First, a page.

According to St.Paul, we're born "children of wrath." While there is certainly an ontological reality behind such "legal"/judicial language, the statement obviously stands. I think too often people are trying to articulate the Orthodox stand on this topic (and on many others) in contrast to something else. Well, that's no way to live - in comparison/contrast to others.
People most certainly are born into sin. They are not what they are supposed to be - they're in a contra-natural state (via natural generation/birth) in which they're pre-disposed to keep on sinning, and it's a state which is not pleasing to God. Christ reconciles men to God in "two directions" - by raising to God a sinless humanity, and offering His obedience as a man, even unto death - and by making possible the divization of human nature in the fullest degree, and making me members of Himself. The word "sin" itself refers to "missing the mark" in the Biblical Greek language. So obviously, being born graceless and in rebellion (goodness having to be added on later, in particular the grace of the second birth, in Holy Baptism), one is in sin.
Yes, obviously this is different than personal guilt - but then again, I'm not quite sure just who teaches that infants are born with this type of "guilt", so to speak. Very often I hear people saying this is the papist teaching, but I can say quite certainly it is not. Thus, I'm somewhat at a loss...perhaps this caricture of things is taught by some Protestant groups, as it does smack of the coldness of Calvinism. Or perhaps it's a perception based on popular piety, which I find in the west (such as in Roman Catholicism) often does embody a lot of the cliches which Orthodox Christians believe/sense are true of western heterodoxy, Roman Catholicism in particular.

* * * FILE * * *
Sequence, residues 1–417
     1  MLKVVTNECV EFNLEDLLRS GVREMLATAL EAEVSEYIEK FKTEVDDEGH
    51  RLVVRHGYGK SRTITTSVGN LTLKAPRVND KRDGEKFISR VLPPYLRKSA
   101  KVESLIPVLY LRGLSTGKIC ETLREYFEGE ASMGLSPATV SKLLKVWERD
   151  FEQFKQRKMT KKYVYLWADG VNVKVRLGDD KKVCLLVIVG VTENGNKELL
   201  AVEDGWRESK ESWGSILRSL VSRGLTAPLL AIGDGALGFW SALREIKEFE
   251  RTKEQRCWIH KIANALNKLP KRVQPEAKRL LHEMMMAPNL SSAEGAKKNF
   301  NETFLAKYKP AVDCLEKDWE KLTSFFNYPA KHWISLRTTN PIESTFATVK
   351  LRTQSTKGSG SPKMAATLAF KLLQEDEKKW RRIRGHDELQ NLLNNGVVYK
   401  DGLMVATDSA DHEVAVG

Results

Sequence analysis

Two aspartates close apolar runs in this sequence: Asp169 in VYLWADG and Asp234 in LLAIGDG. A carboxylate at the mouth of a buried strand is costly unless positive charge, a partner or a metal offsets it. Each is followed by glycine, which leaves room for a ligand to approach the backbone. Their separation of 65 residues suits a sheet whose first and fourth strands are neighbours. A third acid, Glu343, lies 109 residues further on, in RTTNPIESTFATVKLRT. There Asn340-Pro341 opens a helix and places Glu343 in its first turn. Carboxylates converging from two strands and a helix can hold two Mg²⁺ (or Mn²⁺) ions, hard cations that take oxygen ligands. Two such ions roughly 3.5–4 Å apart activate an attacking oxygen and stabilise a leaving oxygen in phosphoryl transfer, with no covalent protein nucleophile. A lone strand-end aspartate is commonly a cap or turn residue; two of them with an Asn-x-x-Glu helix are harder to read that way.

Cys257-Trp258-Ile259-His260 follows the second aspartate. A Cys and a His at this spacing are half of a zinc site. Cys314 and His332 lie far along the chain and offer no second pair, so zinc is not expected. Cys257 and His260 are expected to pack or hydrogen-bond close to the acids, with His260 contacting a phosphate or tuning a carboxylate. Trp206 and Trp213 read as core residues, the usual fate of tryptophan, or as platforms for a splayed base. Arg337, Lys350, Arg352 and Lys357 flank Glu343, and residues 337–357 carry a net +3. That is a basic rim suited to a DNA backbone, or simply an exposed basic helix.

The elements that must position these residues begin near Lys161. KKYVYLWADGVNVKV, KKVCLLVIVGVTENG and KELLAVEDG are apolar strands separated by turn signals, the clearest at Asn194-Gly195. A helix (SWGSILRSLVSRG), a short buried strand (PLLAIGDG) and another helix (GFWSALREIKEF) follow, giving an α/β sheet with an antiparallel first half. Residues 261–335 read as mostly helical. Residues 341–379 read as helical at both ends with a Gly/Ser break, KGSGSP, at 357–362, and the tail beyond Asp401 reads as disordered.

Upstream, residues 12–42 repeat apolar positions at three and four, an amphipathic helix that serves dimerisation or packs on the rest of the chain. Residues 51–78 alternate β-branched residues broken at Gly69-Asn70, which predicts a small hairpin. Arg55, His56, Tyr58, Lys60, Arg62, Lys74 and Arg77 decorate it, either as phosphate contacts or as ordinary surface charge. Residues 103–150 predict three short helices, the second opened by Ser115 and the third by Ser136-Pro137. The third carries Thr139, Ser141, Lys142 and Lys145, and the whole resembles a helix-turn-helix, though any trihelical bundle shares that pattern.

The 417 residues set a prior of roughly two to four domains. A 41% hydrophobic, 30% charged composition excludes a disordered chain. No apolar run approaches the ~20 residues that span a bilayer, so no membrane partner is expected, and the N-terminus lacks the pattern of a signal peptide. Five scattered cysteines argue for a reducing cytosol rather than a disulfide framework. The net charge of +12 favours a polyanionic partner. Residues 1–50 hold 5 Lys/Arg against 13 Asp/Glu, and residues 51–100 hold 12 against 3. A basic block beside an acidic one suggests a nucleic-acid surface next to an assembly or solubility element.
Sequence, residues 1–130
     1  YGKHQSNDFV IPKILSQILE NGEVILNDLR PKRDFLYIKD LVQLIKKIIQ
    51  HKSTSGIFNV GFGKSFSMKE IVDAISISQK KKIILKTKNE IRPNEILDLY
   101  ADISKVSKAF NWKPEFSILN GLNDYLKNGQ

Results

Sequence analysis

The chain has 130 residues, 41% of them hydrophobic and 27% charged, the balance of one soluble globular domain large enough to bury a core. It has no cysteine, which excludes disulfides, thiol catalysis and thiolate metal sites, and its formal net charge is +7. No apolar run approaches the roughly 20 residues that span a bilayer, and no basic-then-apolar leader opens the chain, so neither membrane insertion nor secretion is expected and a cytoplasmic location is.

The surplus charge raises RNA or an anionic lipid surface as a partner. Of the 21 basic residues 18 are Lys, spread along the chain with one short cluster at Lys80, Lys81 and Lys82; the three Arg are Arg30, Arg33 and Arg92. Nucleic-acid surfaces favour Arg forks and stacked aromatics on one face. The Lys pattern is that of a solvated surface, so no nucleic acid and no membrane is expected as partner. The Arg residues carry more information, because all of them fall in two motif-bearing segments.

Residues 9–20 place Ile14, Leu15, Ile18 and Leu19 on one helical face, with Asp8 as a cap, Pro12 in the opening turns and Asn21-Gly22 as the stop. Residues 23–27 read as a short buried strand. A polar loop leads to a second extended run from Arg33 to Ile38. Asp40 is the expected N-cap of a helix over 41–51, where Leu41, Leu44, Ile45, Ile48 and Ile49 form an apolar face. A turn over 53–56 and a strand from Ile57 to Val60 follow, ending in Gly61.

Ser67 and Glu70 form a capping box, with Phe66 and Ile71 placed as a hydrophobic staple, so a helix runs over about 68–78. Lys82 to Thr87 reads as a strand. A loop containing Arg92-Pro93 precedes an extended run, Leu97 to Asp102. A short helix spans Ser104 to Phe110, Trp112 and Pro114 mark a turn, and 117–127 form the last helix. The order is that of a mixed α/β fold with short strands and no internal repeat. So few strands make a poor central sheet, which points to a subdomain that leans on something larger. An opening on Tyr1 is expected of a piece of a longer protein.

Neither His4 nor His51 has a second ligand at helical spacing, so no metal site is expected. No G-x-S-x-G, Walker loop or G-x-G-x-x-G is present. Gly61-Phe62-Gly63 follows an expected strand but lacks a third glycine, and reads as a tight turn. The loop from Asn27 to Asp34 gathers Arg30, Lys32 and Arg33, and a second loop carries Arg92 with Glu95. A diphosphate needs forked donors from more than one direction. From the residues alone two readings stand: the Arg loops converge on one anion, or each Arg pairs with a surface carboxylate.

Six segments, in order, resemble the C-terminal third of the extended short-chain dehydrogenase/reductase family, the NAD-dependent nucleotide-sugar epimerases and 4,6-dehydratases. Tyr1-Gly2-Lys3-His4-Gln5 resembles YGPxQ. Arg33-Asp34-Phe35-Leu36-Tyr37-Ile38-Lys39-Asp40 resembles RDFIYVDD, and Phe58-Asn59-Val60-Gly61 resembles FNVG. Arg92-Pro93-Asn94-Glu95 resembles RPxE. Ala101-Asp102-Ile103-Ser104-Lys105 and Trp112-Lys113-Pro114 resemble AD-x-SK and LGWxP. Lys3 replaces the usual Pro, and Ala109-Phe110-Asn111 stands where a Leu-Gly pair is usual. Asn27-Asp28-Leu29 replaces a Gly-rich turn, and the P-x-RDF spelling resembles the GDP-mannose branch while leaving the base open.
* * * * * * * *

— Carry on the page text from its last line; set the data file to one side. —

As for the Mother of God, Orthodox do not believe She was conceived "immaculatly", precisely because it's not true. It's not because on this point Orthodoxy has some completely weird, esoteric, mystifying teaching on this topic that is radically different than that offered by Papism - Orthodoxy simply doesn't accept the idea. Our Lady was born mortal, and fallen just like everyone else. That She never sinned (certainly not grievously), and that Hers was a life of providence from the earliest stages, is quite different than insisting that She is somehow just shy of Christ in Her make-up as a human being.
A big problem with the "Immaculate Conception" (I.C.) position, is that it basically requires one of two completly unacceptable possibilities...
1) the Mother of God never died (which the Church's Tradition makes abundantly clear did in fact happen - that this just kind of got forgotten by the Latins, is only evidence of their lack of catholicity and shortness of memory on many important topics)..
2) the Mother of God did die, but this was a choice of Her own, much like Christ Himself (which smacks of the "co-redemptrix" heresy, also popular, understandably, in Papism.)
Christ was free from sin. He was free from original/ancestral sin. That He died, that He even experienced the non-blameworthy passions and could taste the bitterness of sufferings (which are not experienced by even the Saints when they're in the state of theoria) is the result not of His simply becoming Incarnate, but rather by His decision - He humbled Himself, not in simply becoming a man, but in becoming a man of great meekness and suffering. This is the kenosis spoken of by St.Paul.
The I.C. "dogma", if it recognizes that the Mother of God did in fact die, requires one to believe She somehow "submitted" to death, in parallel to Christ. This is simply wackiness, and completely out of the blue.
Unfortunately, many Roman Catholics are sorely misled (mainly by their apologists), because the term "immaculate" does appear for the Mother of God in many Orthodox prayers. Of course, what is left out is that being "immaculate" (by ascesis and grace, culminating in the great grace of becoming the true Mother of God) does not equal "immaculatly conceived" or anything like this.